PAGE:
David Glen,a partner at the world's largest professional services firm PricewaterhouseCoopers, produces an annual report on the financial state of the Scottish game and it's his opinion that this proposal should be taken seriously. Although there are many administrative hurdles to overcome, UEFA would have to be convinced, for instance, as would footballing authorities both in England and Scotland, these are not insurmountable and Glen can foresee the day when both clubs could be challenging at the very top of EPL 1.
Glen thinks that the idea of a second tier added to the EPL will make it easier for the clubs in the lower levels of the top division to accept the introduction of Scotland's big two and Gartside's proposal would need the backing of at least 14 of the top twenty clubs. "This plan might have more chance." he said. "Any time it has been talked about, it was on the basis they would go direct into the top flight. Clubs near the relegation zone would never have voted for it, it would have been like turkeys voting for Christmas. The difference here with the two league set-up is that they would have to come into the bottom league."
"Rangers and Celtic have always had a very large income stream despite not being in England or in one of the large European leagues," Glen said. "They have always teetered around the top 20 in the money league in Europe. It always seemed to me there's a fantastic income base already. If you add the television income to that, they would become very powerful."
"I think what it's going to boil down to is how the TV money gets split between the two divisions." continued Glen. "At the moment, the bottom club is getting £26-28m whereas the top of the table gets £50m, which totally dwarves what we get in Scotland. The current Setanta deal supplies £13m a season across all clubs. That is due to be increased but, as we have heard in recent days, Setanta are looking to renegotiate."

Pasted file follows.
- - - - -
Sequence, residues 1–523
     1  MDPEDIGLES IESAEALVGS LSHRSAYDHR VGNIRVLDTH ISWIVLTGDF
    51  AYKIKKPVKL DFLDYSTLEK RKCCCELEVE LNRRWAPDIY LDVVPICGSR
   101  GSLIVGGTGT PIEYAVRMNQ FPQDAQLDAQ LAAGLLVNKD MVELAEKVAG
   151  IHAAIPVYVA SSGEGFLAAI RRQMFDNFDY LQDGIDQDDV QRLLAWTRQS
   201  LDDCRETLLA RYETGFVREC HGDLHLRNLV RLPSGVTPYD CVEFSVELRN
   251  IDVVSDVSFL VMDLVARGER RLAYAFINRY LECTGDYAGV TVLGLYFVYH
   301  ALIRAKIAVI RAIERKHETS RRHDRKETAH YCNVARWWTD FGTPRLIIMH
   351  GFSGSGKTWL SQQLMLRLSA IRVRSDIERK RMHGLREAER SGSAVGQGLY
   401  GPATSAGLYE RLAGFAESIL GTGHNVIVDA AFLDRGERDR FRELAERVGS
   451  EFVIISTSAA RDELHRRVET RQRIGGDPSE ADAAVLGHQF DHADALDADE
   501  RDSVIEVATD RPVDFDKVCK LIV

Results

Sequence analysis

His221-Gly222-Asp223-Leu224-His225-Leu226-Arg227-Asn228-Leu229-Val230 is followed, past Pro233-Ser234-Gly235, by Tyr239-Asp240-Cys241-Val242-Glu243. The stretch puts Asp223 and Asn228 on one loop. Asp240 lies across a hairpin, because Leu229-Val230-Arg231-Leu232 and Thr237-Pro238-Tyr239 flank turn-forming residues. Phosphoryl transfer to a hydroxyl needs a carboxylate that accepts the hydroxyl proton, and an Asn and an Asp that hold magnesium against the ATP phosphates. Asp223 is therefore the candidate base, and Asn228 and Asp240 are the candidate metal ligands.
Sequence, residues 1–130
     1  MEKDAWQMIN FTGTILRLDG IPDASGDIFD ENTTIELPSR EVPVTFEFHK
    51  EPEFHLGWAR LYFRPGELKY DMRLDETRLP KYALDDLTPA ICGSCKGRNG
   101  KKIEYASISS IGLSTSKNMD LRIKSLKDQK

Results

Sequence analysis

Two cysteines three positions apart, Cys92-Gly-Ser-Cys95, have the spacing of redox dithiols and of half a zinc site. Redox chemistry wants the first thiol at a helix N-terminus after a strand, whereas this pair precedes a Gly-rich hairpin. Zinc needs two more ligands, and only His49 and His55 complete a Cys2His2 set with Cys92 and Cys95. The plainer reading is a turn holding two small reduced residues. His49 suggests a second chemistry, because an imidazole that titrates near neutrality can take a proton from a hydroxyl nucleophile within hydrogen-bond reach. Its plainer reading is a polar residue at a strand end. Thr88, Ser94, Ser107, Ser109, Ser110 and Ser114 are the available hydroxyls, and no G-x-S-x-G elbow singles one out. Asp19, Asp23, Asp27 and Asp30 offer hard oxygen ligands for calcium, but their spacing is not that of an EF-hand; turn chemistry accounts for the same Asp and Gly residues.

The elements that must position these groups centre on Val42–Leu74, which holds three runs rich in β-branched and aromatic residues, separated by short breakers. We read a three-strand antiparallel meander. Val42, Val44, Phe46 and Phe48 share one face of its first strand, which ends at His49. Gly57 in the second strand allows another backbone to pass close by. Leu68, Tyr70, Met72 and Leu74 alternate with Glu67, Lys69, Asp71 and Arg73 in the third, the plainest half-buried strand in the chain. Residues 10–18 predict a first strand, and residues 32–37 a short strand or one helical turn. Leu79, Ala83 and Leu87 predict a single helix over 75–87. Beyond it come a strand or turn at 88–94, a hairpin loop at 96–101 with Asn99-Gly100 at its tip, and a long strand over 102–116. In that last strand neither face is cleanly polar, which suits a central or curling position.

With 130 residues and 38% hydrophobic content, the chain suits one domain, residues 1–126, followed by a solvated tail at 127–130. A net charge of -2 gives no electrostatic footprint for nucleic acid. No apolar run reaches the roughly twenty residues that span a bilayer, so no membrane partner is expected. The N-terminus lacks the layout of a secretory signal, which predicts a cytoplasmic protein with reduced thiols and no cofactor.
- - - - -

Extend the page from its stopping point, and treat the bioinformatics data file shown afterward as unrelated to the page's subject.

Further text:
The Scottish footballing authorities have made no comment on Gartside's plans but it's not thought that they would encourage their prized assets to leave the fold. In Glen's opinion, though, it's possible that a huge pay-off could see the SPL reluctantly free their flagship clubs. "There's the potential to have less excitement without the Old Firm but also the potential to become more competitive," said Glen. "I would suppose that, if the Old Firm were allowed to leave, it would be on the basis of a parachute payment. Some of the riches might have to be passed back down. You would not have as strong a package to sell to the media without the Old Firm, which is why I think some parachute payment would be needed."
These proposals wouldn't necessarily mean the end of Celtic's involvement in Scottish football though and maybe not even the end of SPL involvement. Celtic have already floated the idea of having a junior team in the lower divisions of the SFL and it's thought that the club would prefer to continue in Scottish Cup competitions too. "We're already seeing talk of plans for a Celtic reserve team to get into the lower divisions," Glen said. "You might find Rangers and Celtic reserves getting promoted back to the top flight."